Kiddie Kollege, it turns out, had been the site of a thermometer factory that was taken off the state's contaminated site list last year. The school's owner said he never knew about the mercury.

"Kids' skin was literally starting to peel," said Bill Wolfe, a former DEP executive who is now director of the non-profit Public Employees for Environmental Responsibility. "How can a thermometer plant with known contamination be taken off a watch list?"

The answer to that question remains a mystery.

DEP officials -- who hurriedly re-posted the list on the agency's Web site this week as the Kiddie Kollege controversy grew -- said Thursday that they had no idea how the sites were removed or who removed them.

But they rejected the notion that the agency ever certified the sites as clean or lost track of them in their internal files.

"Just because some sites were not posted for a period does not mean we weren't keeping track of them or continuing to clean them up," said Bill Corcory, an official in the agency's Site Remediation Office.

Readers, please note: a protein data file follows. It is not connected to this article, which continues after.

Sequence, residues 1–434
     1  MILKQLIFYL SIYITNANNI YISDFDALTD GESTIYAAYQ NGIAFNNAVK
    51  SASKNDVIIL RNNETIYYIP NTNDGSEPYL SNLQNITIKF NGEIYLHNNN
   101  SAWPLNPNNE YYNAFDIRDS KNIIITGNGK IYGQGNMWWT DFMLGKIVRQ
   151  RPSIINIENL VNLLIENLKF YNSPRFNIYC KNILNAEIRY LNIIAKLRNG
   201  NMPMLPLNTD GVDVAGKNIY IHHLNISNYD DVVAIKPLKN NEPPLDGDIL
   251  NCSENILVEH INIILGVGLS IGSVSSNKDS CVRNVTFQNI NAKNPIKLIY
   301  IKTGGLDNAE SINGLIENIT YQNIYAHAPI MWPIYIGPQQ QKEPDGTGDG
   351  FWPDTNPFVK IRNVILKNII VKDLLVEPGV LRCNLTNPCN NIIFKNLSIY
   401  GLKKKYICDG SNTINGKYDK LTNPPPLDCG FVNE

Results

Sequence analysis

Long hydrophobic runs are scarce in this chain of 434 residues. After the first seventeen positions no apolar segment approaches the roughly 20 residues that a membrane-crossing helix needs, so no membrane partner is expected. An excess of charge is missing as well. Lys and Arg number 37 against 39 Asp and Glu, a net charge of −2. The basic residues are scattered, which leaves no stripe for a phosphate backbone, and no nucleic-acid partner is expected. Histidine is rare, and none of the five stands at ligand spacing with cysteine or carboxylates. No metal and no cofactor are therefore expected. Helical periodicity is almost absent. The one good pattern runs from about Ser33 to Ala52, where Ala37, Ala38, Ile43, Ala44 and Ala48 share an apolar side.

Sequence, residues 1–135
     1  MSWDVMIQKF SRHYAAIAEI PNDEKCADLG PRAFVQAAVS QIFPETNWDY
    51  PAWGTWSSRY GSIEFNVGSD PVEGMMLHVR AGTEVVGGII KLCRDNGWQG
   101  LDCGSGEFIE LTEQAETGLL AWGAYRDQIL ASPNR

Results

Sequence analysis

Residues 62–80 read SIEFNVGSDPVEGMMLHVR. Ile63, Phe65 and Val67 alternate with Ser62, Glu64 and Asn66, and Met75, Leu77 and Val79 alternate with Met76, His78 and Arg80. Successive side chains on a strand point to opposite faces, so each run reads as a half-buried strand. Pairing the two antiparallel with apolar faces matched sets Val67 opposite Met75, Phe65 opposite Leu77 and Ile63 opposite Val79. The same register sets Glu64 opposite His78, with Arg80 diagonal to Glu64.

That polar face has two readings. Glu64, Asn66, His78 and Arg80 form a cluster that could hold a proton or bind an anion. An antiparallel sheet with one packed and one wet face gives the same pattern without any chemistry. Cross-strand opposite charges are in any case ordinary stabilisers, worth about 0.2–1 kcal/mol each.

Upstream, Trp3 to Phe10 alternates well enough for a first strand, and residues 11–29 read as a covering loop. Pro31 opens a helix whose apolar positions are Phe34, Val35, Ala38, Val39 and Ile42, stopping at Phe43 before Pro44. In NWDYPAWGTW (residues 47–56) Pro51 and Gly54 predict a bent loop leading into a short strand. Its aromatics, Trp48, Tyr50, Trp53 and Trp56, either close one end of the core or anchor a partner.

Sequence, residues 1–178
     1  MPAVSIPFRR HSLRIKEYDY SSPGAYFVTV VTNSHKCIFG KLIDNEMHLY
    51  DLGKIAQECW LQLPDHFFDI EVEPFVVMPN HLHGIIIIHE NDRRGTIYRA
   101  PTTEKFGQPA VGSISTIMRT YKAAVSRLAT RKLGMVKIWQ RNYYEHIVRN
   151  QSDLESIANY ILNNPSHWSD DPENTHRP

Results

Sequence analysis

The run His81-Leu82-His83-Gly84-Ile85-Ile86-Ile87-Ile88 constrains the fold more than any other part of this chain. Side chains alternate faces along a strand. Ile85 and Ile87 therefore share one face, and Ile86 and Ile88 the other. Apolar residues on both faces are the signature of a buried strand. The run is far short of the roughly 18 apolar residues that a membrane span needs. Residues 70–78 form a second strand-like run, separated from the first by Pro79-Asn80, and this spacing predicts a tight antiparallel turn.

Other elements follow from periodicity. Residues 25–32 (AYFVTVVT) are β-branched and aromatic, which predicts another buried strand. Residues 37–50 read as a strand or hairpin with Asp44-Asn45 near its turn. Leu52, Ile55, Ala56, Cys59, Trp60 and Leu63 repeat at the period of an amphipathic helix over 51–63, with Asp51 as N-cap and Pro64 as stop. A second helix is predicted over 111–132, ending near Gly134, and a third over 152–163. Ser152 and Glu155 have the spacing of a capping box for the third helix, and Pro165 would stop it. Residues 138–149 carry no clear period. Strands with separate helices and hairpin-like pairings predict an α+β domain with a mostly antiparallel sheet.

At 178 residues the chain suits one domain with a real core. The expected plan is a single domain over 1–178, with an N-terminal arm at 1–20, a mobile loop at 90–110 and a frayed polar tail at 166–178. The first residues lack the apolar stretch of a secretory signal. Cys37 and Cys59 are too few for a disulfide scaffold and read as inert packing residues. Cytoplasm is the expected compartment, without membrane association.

Corcory said his office keeps data on about 14,000 sites known or suspected to be contaminated statewide. The 1,846 contaminated properties re-posted by the DEP this week are only part of that larger pool, Corcory said.

"If someone is concerned a piece of property might be contaminated, they should just pick up the phone and ask us," he said.

Leading environmentalists claim the answer to the mystery of the vanished sites lies with former DEP Commissioner Bradley Campbell, who led the agency from 2002 until the end of last year.